Florida Insurance Commissioner Kevin McCarty talks about "research" ...
It is always interesting, and frequently amusing, to read various “research” pieces on the Florida property insurance market. While I, like every other insurance regulator, industry professional and observer in the world, agree that the Florida property insurance market provides a challenging, to say the least, economic environment, I must also finally break down and respond to some of the more recent articles.
Here is an abstract and a link to a recent and hopefully amusing article on Florida written by a couple of real comedians (at least our friends think so). Actually, I am not sure if he is even responding to our riotous prose because Mr. McCarty does not refer to any particular piece of research and does not cite any studies or commentary in his protest regarding the amusing research. As the "regulator" he should point fingers and cite his sources of amusement for the rest of us aspiring humorists.
Here is a direct but extremely short rebuttal from the CEI. I didn't notice any belly busters or guffaw worthy bon mots in the CEI's response, but I did note (with a couple of well placed chuckles) that the CEI recently ranked Florida regulators at the bottom of a 50 state list. I suppose it probably was not for the lack of a sense of humor.
ABSTRACT (gated link, but appears to be free for now)
The Perfect Storm: Hurricanes, Insurance, and Regulation
by Martin Grace and Robert Klein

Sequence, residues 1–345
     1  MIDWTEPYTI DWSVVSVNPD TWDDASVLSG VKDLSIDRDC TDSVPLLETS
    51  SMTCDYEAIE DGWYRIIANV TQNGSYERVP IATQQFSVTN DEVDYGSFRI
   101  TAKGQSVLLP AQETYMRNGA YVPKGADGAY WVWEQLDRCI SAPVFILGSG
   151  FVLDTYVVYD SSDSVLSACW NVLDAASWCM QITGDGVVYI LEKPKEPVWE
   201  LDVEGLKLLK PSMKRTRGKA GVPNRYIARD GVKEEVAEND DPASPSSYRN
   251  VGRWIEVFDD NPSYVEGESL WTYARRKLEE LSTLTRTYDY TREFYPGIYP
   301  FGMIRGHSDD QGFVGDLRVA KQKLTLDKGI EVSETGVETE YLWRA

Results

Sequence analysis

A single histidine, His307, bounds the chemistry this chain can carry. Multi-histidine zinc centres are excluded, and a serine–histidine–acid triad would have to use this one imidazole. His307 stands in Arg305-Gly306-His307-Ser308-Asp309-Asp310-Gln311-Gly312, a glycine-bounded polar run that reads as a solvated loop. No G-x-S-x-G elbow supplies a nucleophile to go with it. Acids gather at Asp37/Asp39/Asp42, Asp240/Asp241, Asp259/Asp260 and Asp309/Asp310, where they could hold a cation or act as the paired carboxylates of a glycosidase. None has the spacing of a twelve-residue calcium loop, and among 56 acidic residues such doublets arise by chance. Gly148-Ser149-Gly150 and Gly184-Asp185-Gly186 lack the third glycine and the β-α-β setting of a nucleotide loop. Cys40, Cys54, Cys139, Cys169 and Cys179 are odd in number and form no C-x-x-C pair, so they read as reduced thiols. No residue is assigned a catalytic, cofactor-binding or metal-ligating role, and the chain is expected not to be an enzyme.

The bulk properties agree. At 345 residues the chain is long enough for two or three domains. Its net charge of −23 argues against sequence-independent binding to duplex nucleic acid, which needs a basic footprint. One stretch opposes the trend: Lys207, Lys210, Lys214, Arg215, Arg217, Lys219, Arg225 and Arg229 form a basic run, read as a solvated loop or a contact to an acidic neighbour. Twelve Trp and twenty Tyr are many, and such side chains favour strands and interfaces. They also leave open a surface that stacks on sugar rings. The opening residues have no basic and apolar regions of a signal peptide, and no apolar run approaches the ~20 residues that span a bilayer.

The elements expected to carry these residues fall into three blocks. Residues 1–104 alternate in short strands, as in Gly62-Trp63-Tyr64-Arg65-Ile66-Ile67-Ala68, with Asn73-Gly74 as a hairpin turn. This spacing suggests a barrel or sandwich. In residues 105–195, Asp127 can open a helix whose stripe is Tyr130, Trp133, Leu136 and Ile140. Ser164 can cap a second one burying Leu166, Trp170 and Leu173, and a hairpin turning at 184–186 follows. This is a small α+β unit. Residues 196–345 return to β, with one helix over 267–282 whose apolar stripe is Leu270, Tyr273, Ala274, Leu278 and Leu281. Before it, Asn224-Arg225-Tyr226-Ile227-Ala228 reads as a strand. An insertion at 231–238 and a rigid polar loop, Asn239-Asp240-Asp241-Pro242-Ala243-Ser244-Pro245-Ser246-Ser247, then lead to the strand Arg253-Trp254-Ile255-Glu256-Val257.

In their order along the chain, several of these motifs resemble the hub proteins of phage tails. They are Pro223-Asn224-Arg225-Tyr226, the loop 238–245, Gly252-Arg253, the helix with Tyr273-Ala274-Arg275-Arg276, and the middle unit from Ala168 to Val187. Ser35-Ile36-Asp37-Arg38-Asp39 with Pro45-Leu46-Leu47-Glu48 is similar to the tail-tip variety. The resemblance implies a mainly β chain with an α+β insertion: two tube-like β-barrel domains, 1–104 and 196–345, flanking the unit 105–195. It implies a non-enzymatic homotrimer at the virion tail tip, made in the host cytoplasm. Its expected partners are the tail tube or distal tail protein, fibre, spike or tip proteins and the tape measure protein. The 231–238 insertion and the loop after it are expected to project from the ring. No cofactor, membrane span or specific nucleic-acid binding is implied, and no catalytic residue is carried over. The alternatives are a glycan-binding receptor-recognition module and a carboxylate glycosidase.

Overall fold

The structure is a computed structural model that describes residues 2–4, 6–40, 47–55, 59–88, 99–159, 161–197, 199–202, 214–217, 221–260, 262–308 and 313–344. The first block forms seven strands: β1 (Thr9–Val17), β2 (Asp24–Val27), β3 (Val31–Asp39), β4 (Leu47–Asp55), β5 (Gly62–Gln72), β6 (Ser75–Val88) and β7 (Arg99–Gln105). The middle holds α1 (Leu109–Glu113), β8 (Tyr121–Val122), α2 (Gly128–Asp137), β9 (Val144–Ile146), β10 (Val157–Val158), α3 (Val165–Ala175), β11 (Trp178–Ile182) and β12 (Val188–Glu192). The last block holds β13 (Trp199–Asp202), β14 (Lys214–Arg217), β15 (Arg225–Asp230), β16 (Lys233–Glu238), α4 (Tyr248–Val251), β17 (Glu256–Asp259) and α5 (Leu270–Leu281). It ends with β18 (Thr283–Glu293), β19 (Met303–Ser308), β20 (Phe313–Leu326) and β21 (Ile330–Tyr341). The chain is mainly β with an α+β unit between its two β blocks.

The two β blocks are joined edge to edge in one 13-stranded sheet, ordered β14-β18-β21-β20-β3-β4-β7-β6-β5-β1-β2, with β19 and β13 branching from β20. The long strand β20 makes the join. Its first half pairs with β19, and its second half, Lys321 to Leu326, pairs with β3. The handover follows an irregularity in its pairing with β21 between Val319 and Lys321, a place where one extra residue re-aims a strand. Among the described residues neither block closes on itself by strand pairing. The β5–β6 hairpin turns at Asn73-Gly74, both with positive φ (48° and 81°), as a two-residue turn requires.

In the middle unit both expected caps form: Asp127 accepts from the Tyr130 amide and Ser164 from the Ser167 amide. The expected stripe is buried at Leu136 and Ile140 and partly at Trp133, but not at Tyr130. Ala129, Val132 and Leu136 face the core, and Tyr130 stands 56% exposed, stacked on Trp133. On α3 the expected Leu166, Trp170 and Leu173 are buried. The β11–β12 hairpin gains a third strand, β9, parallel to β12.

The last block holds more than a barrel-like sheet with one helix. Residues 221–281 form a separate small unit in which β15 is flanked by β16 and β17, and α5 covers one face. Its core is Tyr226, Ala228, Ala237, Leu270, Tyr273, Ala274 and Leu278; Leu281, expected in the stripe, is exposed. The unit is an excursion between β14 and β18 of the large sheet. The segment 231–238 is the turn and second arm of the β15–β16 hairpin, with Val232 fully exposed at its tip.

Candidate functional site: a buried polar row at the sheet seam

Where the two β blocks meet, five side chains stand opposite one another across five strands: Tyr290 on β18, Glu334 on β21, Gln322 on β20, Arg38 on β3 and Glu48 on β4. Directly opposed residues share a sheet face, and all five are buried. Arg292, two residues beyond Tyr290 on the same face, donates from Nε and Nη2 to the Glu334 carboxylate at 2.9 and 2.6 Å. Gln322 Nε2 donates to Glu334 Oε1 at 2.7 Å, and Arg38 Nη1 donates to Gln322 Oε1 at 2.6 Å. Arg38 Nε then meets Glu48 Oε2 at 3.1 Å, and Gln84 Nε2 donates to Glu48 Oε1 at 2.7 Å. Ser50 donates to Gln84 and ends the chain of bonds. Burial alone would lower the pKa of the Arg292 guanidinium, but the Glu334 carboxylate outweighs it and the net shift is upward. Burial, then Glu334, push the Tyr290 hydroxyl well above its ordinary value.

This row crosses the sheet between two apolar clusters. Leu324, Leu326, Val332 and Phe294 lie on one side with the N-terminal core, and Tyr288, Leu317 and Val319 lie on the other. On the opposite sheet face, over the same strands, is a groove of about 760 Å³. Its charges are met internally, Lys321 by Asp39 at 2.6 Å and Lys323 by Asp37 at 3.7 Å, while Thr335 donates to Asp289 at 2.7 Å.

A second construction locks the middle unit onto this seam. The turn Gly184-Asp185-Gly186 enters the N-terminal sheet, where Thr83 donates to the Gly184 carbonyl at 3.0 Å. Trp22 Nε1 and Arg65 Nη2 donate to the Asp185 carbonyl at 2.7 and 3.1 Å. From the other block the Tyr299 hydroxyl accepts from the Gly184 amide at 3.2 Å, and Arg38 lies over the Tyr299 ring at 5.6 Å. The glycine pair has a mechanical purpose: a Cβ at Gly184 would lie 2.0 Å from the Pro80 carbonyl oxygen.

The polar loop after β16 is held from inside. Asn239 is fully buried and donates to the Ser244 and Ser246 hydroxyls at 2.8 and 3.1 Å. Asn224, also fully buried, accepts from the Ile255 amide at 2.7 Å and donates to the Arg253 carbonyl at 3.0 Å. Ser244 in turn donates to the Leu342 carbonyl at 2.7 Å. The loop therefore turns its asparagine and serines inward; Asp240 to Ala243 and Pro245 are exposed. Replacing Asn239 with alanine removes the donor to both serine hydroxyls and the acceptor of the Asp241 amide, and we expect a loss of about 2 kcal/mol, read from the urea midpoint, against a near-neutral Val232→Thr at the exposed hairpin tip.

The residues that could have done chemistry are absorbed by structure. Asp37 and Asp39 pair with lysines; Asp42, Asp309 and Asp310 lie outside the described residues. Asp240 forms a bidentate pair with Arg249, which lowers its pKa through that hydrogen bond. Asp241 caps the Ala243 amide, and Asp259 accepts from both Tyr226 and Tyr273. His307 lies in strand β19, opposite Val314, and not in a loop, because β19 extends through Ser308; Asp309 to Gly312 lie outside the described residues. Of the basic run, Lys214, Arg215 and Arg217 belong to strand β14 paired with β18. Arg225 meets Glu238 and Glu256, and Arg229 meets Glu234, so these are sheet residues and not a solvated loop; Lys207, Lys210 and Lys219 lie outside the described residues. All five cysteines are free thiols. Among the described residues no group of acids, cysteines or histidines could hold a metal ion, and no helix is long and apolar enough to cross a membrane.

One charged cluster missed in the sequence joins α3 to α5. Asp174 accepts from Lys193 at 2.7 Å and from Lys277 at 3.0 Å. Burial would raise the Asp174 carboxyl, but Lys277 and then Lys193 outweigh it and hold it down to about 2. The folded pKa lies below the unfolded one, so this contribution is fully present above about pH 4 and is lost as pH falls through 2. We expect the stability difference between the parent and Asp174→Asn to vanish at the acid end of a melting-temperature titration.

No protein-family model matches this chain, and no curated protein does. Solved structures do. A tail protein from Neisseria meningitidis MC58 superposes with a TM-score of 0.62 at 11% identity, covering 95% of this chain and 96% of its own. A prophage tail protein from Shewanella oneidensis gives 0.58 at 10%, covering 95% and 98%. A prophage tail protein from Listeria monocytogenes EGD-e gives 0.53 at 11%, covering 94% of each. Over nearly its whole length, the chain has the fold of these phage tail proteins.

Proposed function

The intense hurricane seasons of 2004 and 2005 caused considerable instability in property insurance markets in coastal states with the greatest problems occurring in Florida and the Southeast. Insurers have substantially raised rates and decreased their exposures. While no severe hurricanes struck the United States in 2006 and 2007, market pressures remain strong given the high risk still facing coastal states. These developments generate considerable concern and controversy among various stakeholder groups. Government responses have varied. In Florida, political pressures prompted a wave of legislation and regulations to expand government underwriting and subsidization of hurricane risk and constrain insurers' rates and market adjustments. Other states' actions seem more moderate. In this context, it is important to understand how property insurance markets have been changing and governments have been responding to increased catastrophe risk. This article examines important market developments and evaluates associated government policies. We comment on how regulation is affecting the equilibration of insurance markets and offer opinions on policies that are helpful and harmful.